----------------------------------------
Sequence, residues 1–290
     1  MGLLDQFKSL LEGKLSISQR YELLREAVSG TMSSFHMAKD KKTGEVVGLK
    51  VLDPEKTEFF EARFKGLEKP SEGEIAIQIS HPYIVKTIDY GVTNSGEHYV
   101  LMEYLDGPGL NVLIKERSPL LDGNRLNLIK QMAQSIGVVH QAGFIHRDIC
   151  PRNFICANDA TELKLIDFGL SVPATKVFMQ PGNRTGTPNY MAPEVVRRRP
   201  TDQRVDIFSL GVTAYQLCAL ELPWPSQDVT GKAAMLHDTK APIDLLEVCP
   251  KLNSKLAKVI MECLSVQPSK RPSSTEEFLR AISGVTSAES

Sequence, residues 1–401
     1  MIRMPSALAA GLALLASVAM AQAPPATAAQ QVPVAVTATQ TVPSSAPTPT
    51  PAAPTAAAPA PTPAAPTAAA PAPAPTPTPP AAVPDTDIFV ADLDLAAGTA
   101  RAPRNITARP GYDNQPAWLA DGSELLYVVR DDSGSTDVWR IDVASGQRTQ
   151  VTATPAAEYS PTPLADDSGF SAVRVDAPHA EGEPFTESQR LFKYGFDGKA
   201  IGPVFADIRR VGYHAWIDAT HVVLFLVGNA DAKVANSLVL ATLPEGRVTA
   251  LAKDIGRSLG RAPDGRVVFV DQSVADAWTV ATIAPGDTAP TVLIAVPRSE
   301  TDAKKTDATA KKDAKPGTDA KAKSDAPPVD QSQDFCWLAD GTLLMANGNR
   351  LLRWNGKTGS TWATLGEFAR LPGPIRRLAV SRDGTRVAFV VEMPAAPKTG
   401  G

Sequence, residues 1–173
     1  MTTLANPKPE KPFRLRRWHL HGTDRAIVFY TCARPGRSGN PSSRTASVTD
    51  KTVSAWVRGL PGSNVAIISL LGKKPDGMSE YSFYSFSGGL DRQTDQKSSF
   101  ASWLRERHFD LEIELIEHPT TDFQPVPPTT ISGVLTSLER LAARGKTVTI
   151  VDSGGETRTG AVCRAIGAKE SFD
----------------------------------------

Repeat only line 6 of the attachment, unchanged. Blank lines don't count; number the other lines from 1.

   201  TDQRVDIFSL GVTAYQLCAL ELPWPSQDVT GKAAMLHDTK APIDLLEVCP